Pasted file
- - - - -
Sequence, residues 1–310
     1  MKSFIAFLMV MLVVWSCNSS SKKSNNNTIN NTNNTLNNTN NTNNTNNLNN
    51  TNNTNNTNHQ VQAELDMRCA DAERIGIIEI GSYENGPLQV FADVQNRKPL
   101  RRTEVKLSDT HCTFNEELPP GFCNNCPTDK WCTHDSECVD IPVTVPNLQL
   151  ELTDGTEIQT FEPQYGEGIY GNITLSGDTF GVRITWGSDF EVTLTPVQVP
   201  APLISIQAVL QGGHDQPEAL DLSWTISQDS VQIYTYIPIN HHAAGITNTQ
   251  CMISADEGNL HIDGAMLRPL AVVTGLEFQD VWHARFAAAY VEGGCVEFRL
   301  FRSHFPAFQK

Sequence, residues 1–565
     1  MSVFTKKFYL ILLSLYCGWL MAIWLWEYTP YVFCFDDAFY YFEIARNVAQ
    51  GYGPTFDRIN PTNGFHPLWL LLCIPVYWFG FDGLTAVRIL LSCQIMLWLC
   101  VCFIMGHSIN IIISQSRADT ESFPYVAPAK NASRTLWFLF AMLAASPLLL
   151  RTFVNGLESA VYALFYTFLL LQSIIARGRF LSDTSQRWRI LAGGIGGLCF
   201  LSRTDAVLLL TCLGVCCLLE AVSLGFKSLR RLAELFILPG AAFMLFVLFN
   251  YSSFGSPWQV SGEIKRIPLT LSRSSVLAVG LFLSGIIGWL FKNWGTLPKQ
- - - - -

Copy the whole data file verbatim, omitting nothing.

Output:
Sequence, residues 1–310
     1  MKSFIAFLMV MLVVWSCNSS SKKSNNNTIN NTNNTLNNTN NTNNTNNLNN
    51  TNNTNNTNHQ VQAELDMRCA DAERIGIIEI GSYENGPLQV FADVQNRKPL
   101  RRTEVKLSDT HCTFNEELPP GFCNNCPTDK WCTHDSECVD IPVTVPNLQL
   151  ELTDGTEIQT FEPQYGEGIY GNITLSGDTF GVRITWGSDF EVTLTPVQVP
   201  APLISIQAVL QGGHDQPEAL DLSWTISQDS VQIYTYIPIN HHAAGITNTQ
   251  CMISADEGNL HIDGAMLRPL AVVTGLEFQD VWHARFAAAY VEGGCVEFRL
   301  FRSHFPAFQK

Sequence, residues 1–565
     1  MSVFTKKFYL ILLSLYCGWL MAIWLWEYTP YVFCFDDAFY YFEIARNVAQ
    51  GYGPTFDRIN PTNGFHPLWL LLCIPVYWFG FDGLTAVRIL LSCQIMLWLC
   101  VCFIMGHSIN IIISQSRADT ESFPYVAPAK NASRTLWFLF AMLAASPLLL
   151  RTFVNGLESA VYALFYTFLL LQSIIARGRF LSDTSQRWRI LAGGIGGLCF
   201  LSRTDAVLLL TCLGVCCLLE AVSLGFKSLR RLAELFILPG AAFMLFVLFN
   251  YSSFGSPWQV SGEIKRIPLT LSRSSVLAVG LFLSGIIGWL FKNWGTLPKQ